If there’s one thing you need to know before you go to Dublin, it’s that you’re not Irish. This was one of the first things that my Irish friends taught me during my time abroad. It doesn’t matter what your last name is or how you celebrate St. Patrick’s Day or which county your great-great-great grandparents came from. None of these things make you Irish. I hate to break it to you, but if you were born and/or raised on American soil, you are American. Irish American, yes, but American nonetheless.
It’s not to say that there’s anything wrong with being American. For the most part, the Irish like Americans just fine. They like our president. They like making fun of Jersey Shore. They like our fascination with their country. They do not, however, like obnoxious American tourists. To truly immerse yourself in Irish culture and make the most of your trip, you need to let go of your tourist tendencies.
Turn down the volume. Americans are notoriously loud and obnoxious. Nine times out of ten, the voice you hear above the rest on the streets of Dublin is an American one. (The other times it’s someone who’s drunk. This, too, is often an American.) Blend in by simply lowering your voice. To really have some fun and impress your Irish friends, try picking up some slang. Wear a raincoat when it’s lashing out, take a nap when you’re knackered after sightseeing and always ask for a lift home rather than a ride. Use Irish slang well and you’re likely to get some laughs and a cry of Good on ya!
Ditch the brand names. Although clothing stores such as Abercrombie & Fitch and Hollister are becoming increasingly popular in Ireland, these clothes aren’t really appropriate if you’re older than college age. The classic North Face jacket paired with Ugg boots, ubiquitous on Notre Dame’s campus, is unheard of in Ireland—go for a faux-leather jacket and brown or black boots instead. The one brand name you can feel free to embrace is Converse—Chuck Taylor All Stars are far better for blending in than white Nike or Adidas running shoes.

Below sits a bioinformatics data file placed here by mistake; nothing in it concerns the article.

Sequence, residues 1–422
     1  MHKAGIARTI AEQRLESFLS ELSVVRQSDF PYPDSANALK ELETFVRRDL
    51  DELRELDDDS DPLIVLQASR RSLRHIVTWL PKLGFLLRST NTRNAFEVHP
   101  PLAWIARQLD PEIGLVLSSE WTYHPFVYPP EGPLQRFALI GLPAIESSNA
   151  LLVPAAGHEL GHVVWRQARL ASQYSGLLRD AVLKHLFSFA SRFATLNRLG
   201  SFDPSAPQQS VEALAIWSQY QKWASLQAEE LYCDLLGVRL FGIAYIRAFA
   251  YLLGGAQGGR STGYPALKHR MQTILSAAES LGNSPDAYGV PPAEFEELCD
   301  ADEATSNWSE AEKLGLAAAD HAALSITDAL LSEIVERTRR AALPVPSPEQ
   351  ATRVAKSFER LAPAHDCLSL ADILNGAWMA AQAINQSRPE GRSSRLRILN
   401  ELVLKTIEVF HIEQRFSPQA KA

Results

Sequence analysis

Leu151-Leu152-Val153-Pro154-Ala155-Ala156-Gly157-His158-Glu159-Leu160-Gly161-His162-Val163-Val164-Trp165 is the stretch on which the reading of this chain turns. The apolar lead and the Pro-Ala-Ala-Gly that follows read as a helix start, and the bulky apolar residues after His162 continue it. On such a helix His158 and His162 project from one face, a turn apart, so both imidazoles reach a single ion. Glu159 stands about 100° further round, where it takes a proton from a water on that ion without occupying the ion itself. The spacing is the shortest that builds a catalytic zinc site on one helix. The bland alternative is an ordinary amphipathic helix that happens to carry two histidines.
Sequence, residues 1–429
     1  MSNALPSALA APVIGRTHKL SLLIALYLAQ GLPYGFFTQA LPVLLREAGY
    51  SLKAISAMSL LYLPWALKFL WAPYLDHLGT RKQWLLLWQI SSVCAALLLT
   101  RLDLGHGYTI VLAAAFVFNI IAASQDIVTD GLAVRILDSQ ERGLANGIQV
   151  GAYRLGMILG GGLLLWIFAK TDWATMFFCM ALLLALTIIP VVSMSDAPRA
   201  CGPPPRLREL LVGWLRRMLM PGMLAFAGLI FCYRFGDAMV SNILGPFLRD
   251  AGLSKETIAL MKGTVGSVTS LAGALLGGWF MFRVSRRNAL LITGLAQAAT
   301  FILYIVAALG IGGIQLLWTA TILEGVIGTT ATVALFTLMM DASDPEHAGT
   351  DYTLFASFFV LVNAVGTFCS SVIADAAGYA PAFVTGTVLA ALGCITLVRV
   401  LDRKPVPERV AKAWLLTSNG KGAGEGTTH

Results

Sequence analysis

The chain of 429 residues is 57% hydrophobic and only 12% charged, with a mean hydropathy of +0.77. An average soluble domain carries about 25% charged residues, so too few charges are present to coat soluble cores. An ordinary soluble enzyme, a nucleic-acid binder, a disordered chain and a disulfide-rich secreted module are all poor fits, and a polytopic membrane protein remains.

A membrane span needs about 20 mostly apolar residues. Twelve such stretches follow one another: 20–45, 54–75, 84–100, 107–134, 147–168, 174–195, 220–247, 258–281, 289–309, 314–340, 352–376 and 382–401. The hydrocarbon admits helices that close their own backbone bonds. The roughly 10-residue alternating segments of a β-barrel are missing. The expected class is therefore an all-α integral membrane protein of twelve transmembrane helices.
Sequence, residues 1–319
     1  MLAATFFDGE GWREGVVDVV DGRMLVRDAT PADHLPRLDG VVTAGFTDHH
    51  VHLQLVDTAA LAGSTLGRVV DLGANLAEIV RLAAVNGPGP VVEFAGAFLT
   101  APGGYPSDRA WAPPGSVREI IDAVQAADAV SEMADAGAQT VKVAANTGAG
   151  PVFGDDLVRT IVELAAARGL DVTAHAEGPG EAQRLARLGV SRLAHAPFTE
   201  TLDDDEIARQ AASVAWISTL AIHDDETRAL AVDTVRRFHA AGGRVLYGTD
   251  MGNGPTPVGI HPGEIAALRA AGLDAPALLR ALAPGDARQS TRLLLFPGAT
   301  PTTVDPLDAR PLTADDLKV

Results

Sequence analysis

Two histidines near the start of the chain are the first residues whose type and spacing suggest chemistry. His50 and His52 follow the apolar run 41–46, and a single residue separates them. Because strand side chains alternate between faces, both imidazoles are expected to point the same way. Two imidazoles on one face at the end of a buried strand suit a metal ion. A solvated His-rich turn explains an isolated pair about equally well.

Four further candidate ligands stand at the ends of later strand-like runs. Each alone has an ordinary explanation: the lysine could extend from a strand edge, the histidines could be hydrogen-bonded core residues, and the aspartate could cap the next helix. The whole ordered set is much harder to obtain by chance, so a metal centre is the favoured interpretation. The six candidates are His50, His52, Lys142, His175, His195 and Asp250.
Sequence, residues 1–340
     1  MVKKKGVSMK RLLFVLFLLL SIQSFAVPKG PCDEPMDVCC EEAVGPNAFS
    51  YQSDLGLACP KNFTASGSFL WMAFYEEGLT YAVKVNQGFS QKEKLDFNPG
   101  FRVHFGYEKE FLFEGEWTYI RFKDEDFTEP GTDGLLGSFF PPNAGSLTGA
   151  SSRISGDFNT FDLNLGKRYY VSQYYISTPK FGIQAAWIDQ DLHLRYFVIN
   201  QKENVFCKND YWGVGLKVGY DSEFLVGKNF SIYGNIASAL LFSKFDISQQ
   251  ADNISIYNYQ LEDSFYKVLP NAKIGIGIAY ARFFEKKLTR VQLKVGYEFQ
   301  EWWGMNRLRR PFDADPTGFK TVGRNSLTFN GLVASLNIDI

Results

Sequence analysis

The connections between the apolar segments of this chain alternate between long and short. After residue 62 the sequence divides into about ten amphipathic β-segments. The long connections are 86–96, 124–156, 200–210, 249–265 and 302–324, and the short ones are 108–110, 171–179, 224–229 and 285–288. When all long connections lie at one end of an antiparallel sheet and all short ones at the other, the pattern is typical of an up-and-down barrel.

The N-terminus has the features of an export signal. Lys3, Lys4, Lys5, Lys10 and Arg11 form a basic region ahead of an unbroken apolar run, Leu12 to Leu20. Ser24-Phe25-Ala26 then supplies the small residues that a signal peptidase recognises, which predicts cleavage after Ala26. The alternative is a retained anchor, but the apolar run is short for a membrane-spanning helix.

Close the tour book. I know Fodor’s, Frommer’s and Rick Steves are the three best friends that anybody could have, but keep your nose out of the guidebooks at least while you’re in public. The best way to get to know Dublin is to wander it on your own, so don’t be afraid to explore and get a little lost. Don’t just cross big tourist destinations such as the Guinness Storehouse and Kilmainham Gaol off your checklist. Leave yourself some free time to try to get to the heart of the city, rather than dealing only with its touristy exterior.
Take a breather. Find some peace and quiet on an afternoon stroll through Saint Stephen’s Green or take a nap in Phoenix Park. Buy a three-euro meal deal lunch at the Tesco on Lower Baggot Street and have a picnic lunch in Merrion Square. Take the DART in one direction to Howth and marvel at the gorgeous views from atop Howth Head, or take it in the other direction to Dun Laoghaire (pronounced “Dun Leery”) and stroll down the beach to Sandycove and the James Joyce Tower and Museum.
Save some for later. Come to Ireland with the assumption that you’ll be back again. There is no way you can see all that the city or country has to offer in a few short days, and if you try you’ll be setting yourself up for exhaustion and disappointment. Pick a couple of priority destinations to visit each day but don’t get worked up if everything doesn’t go as planned. Be like the Irish and go with the flow. And once you get home, start saving up for your return to the Emerald Isle.
Meg Morrison ‘13 spent her junior year at Trinity College Dublin through Notre Dame’s Office of International Studies Dublin program. She is the magazine’s summer and fall intern. Contact her at email@example.com